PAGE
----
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Retired Member

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You can't push shit uphill!

11 February 2009  |  4890 views  |  2


So ...

we have ourselves a load of bankers (Is the collective term a "wunch"?) who are all very sorry about the fine mess they have got us all in to.  

Perhaps they didn't know what was going on.  Perhaps no one had the decency to tell them they were all heading for the cliff top.  Perhaps they had more pressing things to think about.

My Grandad (a down-to-earth bricklayer from Yorkshire, by gum!) used to say that you can't push shit uphill.   I intended arguing that perhaps Fred and Andy didn't really know what was going on at the coal face because bad news rarely rises.  In an industry where bonuses are paid on performance, no one is going to let their manager know that there is pooh under their feet, and even if they do, their manager is likely to cover it up - the pooh shall not rise upwards.

Now bearing in mind that there are ten or more layers of management between the top tellers and the bottom doers, it is no surprise that news of pooh in the wind doesn't travel far.  I am pretty sure that Fred and Andy wouldn't concern themselves about things that their peers were also not concerned about, and no one is going to pass the concerns upwards as no one wants to be seen to passing the pooh.  So concerns wouldn't reach the top - only praise and associated bonus fodder.  

I would have left it at that, they weren't looking for it and it didn't appear to be heading their way.  But Hey!  What's going on now, we have a whistleblower at HBOS!  Paul Moore told them they were heading for trouble, and it looks like he was sacked by Jimmy the Chairman, which raises a couple of interesting points:

One of the reasons issues are not raised is their potential for bonus reduction; another reason is their potential for initiating the presentation of the sack.  My Grandad was right - there are many reasons why you can't push shit uphill - there are certainly no incentives for bad news.  It is no surprise that no one told them what was going on.

But ... the guys have surely been around long enough to know that you can't push shit uphill, and you would think that because of this, they would be practiced in the art of sniffing around.  Looks like they were well out of practice.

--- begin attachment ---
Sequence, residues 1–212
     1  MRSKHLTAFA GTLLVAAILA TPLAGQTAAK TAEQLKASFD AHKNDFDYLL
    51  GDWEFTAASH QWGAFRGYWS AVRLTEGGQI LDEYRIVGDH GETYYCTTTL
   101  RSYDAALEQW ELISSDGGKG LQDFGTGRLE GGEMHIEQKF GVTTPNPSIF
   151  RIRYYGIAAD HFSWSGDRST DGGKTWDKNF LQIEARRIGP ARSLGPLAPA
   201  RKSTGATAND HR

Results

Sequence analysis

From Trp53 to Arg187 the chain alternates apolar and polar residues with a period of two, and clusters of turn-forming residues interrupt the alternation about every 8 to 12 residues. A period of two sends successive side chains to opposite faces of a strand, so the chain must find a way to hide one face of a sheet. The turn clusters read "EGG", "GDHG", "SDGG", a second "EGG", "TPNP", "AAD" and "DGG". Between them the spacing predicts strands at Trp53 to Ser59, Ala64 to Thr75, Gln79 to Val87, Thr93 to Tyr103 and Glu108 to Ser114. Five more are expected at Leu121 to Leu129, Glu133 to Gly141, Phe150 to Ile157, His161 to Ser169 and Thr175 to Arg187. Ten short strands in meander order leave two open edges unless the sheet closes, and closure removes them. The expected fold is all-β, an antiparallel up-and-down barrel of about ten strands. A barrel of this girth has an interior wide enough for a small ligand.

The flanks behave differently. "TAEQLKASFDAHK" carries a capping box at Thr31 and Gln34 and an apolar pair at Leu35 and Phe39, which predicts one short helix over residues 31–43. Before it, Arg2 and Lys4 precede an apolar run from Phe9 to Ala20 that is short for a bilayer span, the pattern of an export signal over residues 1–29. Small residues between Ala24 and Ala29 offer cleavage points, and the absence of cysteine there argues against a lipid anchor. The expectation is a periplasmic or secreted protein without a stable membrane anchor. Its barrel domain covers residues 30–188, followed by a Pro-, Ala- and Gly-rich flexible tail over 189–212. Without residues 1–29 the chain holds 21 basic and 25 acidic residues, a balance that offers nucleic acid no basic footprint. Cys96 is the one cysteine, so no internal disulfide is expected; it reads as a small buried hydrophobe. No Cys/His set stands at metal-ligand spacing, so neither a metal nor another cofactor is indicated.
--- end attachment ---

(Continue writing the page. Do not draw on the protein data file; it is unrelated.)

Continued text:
But ... when some geezer brought it to their attention (I'm only talking about HBOS now), he was told to take it away, and never to come back, as "some members of the board have lost confidence in you, Mr Moore".  "Here, Have some dosh!  We can spare it 'cos were making a fortune (we think), and we don't need people like you spoiling the fun."

And ... KPMG, apparently, according to the PM, reviewed Mr Moore's allegations, and concluded that they were unfounded.  KPMG effectively said that there were no issues, just before HBOS hit the deck.  Hmmm!

And ... Jimmy has now resigned from the FSA, and the PM has said that he is no longer a government adviser - so much for sorting out the mortgage market then.

So, was Paul Moore right?

I have had many conversations with HBOS branch people over the years (they are seconded to Copley to join in with systems and acceptance testing).  They all say that the banking job they used to enjoy has changed.  All the decisions are made in the regional centres, and the branch staff are employed to smile and sell insurance (interestingly, the RBS staff say the same thing).

And ... they appointed Charles Dunstone to complete the re-alignment: to help the Halifax turn its branch network into the financial equivalent of the Carphone Warehouse.  Out goes all of the people who know about banking, and in come all the Johnny Whitesocks, with an emphasis on selling and growing and expanding and selling ...

And ... Andy from Harvard knew what he was doing, he was clever, much cleverer than those simple Yorkshire folk who got together in the Cock Inn in 1853, they were history.  Andy was going to take the Building Society places it had never been before - he certainly has, and it didn't take him long, but at least he's sorry.